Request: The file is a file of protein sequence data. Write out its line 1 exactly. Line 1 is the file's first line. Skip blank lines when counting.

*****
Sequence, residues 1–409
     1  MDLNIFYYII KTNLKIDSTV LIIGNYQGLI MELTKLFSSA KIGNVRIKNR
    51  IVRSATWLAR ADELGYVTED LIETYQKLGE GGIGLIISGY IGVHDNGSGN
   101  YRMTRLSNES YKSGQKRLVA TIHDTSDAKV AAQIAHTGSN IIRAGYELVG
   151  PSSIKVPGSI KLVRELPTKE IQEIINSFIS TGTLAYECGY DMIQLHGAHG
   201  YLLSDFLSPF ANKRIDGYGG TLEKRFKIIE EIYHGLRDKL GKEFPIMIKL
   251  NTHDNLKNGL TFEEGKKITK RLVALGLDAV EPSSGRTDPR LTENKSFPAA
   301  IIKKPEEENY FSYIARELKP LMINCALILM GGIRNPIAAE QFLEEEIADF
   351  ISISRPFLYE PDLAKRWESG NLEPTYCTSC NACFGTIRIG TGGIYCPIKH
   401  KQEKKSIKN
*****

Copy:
Sequence, residues 1–409